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Old 07-03-2013, 07:33 PM   #1
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Default Yeast - sprinkling verse rehydrating

I currently have a helles (or it may be a Dunkel) in the fermenter - bubbling nicely thanks to some Saflager 34/70 that i sprinkled into the primary once the temperature was right.

I did a lot of reading about that yeast and read stacks of advice on how you should rehydrate the yeast, how to use it to make a yeast starter... Fortunately I also found quite a few people who had success a few times by just sprinkling the yeast granules into the wort directly.....which is what the directions on the pack say.

If a yeast is going to work (like it has) if you simply sprinkle the granules in, what are the advantages of rehydrating or preparing a starter? Is it worth the risk? Is it worth diluting the wort you work so .......... hard to produce?

This question is specifically about yeasts where the manufacturers (if that's the right word) suggest sprinkling the yeast in. I know it doesn't work for all yeasts.

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Old 07-03-2013, 07:34 PM   #2
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You get a faster start to fermentation if you rehydrate. Faster start means less time for baddies to infect.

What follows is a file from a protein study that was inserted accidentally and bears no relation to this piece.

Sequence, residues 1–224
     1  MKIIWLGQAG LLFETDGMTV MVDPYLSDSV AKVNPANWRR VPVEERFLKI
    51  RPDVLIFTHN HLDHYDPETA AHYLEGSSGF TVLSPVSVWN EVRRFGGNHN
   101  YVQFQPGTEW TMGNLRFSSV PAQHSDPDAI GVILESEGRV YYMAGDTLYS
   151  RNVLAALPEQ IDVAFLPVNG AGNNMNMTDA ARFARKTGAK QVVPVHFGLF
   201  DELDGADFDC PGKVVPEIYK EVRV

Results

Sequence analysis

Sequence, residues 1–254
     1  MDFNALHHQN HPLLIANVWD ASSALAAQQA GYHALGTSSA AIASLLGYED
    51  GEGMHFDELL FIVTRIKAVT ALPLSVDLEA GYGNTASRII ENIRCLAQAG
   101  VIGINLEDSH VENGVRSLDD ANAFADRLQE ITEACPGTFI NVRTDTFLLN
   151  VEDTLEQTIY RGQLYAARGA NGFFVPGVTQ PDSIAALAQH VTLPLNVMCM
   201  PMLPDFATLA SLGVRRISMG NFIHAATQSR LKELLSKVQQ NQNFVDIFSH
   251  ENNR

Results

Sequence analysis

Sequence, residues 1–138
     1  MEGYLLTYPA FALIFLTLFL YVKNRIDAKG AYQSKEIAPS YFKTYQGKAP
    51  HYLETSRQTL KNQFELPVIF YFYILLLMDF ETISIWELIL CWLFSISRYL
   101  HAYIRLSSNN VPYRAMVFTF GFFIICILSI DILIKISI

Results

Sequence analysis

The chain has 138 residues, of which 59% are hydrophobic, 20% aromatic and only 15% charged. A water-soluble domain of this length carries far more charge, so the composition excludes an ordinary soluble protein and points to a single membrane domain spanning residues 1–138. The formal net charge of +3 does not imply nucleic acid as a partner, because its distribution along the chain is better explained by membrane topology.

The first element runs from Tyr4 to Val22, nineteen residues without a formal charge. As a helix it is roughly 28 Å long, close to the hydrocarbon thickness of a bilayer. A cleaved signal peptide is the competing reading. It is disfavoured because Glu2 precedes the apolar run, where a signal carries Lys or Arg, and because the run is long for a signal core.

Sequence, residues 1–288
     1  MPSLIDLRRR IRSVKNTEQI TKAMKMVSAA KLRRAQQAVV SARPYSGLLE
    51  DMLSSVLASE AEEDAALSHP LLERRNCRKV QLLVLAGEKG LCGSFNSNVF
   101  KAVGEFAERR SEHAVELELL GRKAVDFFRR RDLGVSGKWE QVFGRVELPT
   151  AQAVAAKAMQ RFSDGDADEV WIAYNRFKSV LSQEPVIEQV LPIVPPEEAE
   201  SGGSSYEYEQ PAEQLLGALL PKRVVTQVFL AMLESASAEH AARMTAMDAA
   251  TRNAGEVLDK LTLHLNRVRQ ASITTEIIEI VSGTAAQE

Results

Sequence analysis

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Old 07-03-2013, 07:50 PM   #3
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First, I'm no expert so someone a lot more knowledgeable and experienced ought to come along and offer an excellent answer to this question. But I'll take a stab at it anyways.

Reydrating and making a yeast starter are two different things. The idea of a yeast starter, and if I'm not mistaken is only usually done with liquid yeast (?) is to introduce the yeast to malted barley sugars so that they have significantly multiplied in order to 'hit the ground running' when they're introduced into our wort. I can't quote the magnitudes of multiplication they undergo by doing a starter several days before hand, but I believe it's quite high. Since the starting solution you're using is basically 'wort', you're not really watering your intended wort down when you pitch the starter into it.

Rehydration is basically awakening dormant dry yeast in a warm water bath and then bringing it to pitching temperature to coincide with the pitching temp of your wort. The amount of water is extremely negligeable. Why this is that much better than pitching the yeast dry is a good question, and I'm guessing that it has to do with not shocking the yeast in one way or another. But exactly what way that is... I'm going to watch this thread further to find out...

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Old 07-03-2013, 08:05 PM   #4
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Per Chris White in the Yeast book, you can kill quite a bit of the yeast by not re-hydrating dry yeast. Starters are more for growing up more yeast to be pitched.

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Old 07-03-2013, 08:11 PM   #5
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I think what andy said is on the right track, and I am also no expert in yeast studies or biology